As of late, Greece has suffered a lot of criticism. Some of it is justified; some is not. Let me try to explain briefly why this is so.
A strict austerity program has been imposed on this country in an effort to deal with the crisis brought about by its own profligate ways. In just three years GDP dropped by a cumulative 13%. It is a harsh regime and society as a whole has paid the price. This much is an undisputed fact. In the presentation that you hold you will have the opportunity of seeing for yourself just what has been the cost/benefit analysis of this program for Greece.
It is also true that Greece did not meet all of its commitments towards its partners and lenders. Its politics are client politics and its politicians found it hard to implement the very important structural reforms that effectively did away with the special benefits that they had rained on their clients. The political system was asked to cut the branch on which it was sitting. No wonder it found it extremely hard to do so. Rather than gain disfavor with their clients the politicians fudged all reforms and opted for horizontal measures that hit all alike. In their mind this tack carried a smaller political cost.
All of this is in the past, though. In November last year a new prime minister took over and the two major parties agreed to support all measures necessary to sign the 2nd MoU. Since then Greece has proceeded with speed, determination and consistency to meet its obligations under the new charter. It has even accepted a degree of overseeing that is not usually associated with modern European countries.
These developments are but a reflection of the determination of the majority of the population to do what is necessary in order to stay in the euro zone. The response of the two major parties to form an alliance to this end is a rare and very unusual occurrence in Greek politics; an occurrence that signals the beginning of some deep and interesting changes in our political system; a change that surely will be for the better.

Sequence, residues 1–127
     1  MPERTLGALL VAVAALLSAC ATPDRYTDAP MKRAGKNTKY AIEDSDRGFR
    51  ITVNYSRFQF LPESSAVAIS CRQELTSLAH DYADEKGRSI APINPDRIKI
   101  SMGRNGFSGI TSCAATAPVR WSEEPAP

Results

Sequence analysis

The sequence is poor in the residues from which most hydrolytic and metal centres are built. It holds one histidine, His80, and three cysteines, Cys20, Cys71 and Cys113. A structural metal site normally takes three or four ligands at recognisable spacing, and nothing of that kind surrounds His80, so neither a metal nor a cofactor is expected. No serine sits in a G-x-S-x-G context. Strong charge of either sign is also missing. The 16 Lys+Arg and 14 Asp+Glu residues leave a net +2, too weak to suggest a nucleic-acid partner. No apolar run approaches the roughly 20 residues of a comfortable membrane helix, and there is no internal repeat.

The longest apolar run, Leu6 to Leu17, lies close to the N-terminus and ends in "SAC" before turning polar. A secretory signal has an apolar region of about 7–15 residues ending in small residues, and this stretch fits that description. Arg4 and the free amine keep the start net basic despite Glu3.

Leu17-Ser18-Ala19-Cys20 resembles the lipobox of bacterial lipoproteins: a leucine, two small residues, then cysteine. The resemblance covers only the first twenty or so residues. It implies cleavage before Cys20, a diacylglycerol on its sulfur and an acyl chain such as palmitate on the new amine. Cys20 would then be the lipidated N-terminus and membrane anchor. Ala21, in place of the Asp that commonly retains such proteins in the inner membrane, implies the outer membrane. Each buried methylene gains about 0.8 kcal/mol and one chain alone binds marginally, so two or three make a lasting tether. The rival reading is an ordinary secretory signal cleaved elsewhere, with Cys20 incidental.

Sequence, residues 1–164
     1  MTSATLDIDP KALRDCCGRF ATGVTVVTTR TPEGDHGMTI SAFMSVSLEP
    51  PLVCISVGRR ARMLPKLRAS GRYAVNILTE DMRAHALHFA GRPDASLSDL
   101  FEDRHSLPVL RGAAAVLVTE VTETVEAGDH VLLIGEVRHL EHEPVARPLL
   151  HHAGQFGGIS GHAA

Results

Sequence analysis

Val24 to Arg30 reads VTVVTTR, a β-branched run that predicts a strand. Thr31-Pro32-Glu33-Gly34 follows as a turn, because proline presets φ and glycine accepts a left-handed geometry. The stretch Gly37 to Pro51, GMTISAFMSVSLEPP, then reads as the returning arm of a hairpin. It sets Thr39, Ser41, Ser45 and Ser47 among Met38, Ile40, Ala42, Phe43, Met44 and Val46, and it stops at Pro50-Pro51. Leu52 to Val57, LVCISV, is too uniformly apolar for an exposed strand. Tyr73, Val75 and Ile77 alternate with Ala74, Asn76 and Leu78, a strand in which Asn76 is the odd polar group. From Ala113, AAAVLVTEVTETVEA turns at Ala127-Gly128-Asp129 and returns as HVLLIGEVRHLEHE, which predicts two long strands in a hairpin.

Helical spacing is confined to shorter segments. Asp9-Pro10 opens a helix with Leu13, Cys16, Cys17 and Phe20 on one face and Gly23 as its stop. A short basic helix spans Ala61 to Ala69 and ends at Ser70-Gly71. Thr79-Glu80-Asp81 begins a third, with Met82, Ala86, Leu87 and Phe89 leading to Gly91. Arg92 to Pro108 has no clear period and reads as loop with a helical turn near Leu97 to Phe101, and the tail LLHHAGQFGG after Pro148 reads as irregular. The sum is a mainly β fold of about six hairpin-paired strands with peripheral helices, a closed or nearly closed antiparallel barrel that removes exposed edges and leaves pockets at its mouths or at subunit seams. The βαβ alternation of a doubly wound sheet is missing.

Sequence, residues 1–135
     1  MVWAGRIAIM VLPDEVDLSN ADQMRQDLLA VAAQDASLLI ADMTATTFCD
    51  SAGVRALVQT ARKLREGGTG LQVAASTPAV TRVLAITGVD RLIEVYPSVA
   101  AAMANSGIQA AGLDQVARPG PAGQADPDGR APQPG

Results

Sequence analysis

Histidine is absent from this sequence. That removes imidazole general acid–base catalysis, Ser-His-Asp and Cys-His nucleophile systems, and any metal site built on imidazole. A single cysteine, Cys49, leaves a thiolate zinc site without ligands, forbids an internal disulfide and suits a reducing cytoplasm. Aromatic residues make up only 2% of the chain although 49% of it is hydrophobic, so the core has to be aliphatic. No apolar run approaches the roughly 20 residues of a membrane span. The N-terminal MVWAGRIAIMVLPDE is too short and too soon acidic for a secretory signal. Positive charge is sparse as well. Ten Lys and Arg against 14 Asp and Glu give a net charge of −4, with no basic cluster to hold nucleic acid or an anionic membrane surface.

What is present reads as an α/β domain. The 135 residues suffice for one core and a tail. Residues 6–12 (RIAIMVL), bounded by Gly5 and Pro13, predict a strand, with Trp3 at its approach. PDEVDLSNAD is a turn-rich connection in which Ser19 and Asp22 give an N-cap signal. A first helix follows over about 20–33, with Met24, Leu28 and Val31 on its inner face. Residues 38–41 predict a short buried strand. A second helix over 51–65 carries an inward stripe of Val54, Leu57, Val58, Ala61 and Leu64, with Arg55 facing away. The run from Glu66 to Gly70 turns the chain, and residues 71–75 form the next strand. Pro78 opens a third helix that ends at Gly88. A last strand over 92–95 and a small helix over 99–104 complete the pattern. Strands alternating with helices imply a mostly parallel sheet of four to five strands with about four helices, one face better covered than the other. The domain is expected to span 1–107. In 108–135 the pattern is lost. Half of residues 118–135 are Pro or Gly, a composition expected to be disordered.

It is this new social and political consensus that we are now pursuing in Greece, so that its people can upend anachronistic attitudes, institutions and stereotypes and embrace the changes that economic reality mandates. Otherwise, these changes will not produce wealth, jobs and growth. In this respect, we need more time as well as a more sympathetic ear from our partners to go with a better understanding of both the achievements and the realities of Greece.
As of late, we have also had a lot of talk about the singularity of the Greek crisis. In this, our detractors are very wrong. This is not an isolated crisis. It is a European crisis uncovering the deeper political and institutional problems faced by the EU. It is emblematic of the problems inherent in the creation of the euro. To a large extent the Greek crisis is a reflection of the markets’ belief that the euro zone is unable to meet asymmetrical threats because it lacks a lender of last resort as well as the ability to set the standards for risk at a pan-European level. It is no wonder the euro is no longer regarded as a truly sovereign currency and that EU country sovereign debt is not anymore safe. Instead, markets have developed the tendency to treat each euro by reference to the country of issue and not to the euro zone as a single economic entity. This is a challenge, nay a problem that cannot remain unanswered for much longer.
The use of one-dimensional austerity programs in order to deal with “guilty” –i.e. deficit– countries create havoc in societies and puts European Union and national social cohesion under enormous strain. The Union was built on its promise to its people to safeguard the cherished social protection network and to promote prosperity. Instead it is degenerating into a Union that primarily fights inflation and focuses on fiscal discipline. Its citizens are now facing the harsh reality of relentless austerity and high debt. They see their social benefits and incomes threatened. So we are up to the decades-long issue of whether the burden of adjustment should be shared by surplus countries as well. This is also a challenge that can no longer remain without a response. Without exaggeration, I will claim that the future of the euro –if not of the Union itself– depends on the answers that euro and Union members decide to give to these critical challenges, through a new vision for Europe and a renewed promise to its citizens.